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The Other Side of Iapetus
The Other Side of Iapetus (click to enlarge)
 
 

The Other Side of Iapetus
Date: 10 Sep 2007

Cassini captures the first high-resolution glimpse of the bright trailing hemisphere of Saturn's moon Iapetus.

This false-color mosaic shows the entire hemisphere of Iapetus (1,468 km, or 912 miles across) visible from Cassini on the outbound leg of its encounter with the two-toned moon in September 2007. The central longitude of the trailing hemisphere is 24 degrees to the left of the mosaic's center.

Also shown here is the complicated transition region between the dark leading and bright trailing hemispheres. This region, visible along the right side of the image, was observed in many of the images acquired by Cassini near closest approach during the encounter.

Revealed here for the first time in detail are the geologic structures that mark the trailing hemisphere. The region appears heavily cratered, particularly in the north and south polar regions. Near the top of the mosaic, numerous impact features visible in NASA Voyager 2 spacecraft images (acquired in 1981) are visible, including the craters Ogier and Charlemagne.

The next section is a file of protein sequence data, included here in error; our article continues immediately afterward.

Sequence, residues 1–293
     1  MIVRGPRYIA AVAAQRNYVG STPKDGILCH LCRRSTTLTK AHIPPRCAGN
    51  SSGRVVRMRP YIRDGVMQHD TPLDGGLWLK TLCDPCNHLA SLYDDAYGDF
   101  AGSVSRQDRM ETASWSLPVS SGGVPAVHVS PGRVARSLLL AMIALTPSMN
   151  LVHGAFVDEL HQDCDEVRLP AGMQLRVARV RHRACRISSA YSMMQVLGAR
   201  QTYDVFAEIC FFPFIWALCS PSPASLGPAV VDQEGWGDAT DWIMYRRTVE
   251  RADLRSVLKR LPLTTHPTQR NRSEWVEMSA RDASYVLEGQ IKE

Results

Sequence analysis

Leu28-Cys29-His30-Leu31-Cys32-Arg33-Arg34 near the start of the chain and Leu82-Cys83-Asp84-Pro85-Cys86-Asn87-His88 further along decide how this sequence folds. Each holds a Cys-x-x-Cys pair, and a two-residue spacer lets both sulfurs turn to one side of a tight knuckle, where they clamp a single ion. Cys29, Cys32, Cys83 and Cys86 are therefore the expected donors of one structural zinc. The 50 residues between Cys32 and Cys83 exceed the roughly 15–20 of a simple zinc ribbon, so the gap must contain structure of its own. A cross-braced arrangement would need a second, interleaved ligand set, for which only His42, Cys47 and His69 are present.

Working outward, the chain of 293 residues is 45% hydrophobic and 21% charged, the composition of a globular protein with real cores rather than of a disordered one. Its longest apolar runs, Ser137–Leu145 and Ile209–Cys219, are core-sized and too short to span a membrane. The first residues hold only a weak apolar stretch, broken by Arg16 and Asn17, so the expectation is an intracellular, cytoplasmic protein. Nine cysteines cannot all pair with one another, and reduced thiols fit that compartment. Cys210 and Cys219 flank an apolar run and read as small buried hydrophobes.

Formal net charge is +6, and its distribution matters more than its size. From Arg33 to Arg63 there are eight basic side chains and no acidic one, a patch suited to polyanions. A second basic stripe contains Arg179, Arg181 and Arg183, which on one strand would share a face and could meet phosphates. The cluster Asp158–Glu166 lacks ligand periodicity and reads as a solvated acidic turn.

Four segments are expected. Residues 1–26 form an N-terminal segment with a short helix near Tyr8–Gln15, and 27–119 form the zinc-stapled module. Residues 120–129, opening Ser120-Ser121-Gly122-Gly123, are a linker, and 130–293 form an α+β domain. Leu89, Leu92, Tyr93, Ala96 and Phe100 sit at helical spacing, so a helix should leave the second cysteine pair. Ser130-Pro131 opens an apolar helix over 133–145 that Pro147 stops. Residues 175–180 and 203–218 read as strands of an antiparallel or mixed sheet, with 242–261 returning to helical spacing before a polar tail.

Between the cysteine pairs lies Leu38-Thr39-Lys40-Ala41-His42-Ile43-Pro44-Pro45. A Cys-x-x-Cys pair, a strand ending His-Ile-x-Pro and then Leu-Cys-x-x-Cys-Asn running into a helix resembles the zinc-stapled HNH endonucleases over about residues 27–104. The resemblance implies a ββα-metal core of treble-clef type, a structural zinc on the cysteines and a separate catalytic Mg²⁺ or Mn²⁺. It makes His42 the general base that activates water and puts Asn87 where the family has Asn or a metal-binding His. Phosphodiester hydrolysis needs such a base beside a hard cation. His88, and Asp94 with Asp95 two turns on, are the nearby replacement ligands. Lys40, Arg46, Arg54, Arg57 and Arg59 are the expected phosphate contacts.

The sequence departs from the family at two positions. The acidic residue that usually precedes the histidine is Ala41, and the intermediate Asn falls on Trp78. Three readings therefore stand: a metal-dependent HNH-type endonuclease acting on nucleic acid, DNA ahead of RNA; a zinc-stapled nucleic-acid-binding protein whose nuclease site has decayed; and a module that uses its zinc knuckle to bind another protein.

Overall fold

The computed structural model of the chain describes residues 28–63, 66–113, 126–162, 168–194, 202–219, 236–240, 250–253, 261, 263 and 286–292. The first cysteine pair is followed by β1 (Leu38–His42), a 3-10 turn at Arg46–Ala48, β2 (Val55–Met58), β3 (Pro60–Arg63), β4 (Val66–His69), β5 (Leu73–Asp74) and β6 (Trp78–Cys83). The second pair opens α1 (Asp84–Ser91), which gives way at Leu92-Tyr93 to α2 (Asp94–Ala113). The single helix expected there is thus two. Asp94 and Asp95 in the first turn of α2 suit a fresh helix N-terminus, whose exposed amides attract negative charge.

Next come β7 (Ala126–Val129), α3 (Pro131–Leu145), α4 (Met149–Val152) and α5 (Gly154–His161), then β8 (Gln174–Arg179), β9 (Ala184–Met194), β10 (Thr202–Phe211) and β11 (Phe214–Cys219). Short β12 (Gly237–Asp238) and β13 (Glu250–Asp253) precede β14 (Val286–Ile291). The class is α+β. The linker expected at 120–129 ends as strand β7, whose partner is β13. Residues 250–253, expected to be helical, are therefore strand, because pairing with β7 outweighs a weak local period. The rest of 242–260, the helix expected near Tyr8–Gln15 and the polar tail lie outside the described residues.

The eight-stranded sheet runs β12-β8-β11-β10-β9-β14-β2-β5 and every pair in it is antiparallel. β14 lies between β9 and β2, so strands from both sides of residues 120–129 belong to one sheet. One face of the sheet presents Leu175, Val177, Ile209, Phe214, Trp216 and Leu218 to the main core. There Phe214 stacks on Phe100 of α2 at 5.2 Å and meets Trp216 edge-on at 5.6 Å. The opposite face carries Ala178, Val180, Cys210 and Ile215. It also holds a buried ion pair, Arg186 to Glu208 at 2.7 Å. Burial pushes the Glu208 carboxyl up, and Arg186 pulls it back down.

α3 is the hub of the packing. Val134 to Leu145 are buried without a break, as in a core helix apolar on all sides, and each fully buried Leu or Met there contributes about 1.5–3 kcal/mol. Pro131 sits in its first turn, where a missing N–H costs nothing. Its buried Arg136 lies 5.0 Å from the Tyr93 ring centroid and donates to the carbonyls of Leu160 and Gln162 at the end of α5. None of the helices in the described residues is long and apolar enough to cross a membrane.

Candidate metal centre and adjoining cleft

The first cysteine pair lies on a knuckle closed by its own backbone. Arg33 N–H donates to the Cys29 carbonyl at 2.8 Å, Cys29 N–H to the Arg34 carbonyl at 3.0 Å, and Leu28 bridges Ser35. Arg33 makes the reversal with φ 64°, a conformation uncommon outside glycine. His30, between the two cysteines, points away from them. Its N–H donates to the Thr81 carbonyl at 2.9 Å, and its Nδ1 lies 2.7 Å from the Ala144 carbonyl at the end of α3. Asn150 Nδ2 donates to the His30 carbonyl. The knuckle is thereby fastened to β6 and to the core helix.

The most prominent topographic feature in this view, in the bottom half of the mosaic, is a 450-km (280-mile) wide impact basin, one of at least nine such large basins on Iapetus. In fact, the basin overlaps an older, similar-sized impact basin to its southeast.

In many places, the dark material -- thought to be composed of nitrogen-bearing organic compounds called cyanides, hydrated minerals and other carbonaceous minerals -- appears to coat equator-facing slopes and crater floors. The distribution of this material and variations in the color of the bright material across the trailing hemisphere will be crucial clues to understanding the origin of Iapetus' peculiar bright-dark dual personality.

The view was acquired with the Cassini spacecraft narrow-angle camera on 10 September 2007, at a distance of about 73,000 km (45,000 miles) from Iapetus.

Last Update: 14 Sept 2011 (AMB)

Credit: NASA/JPL/Space Science Institute



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Last Updated: 14 Sep 2011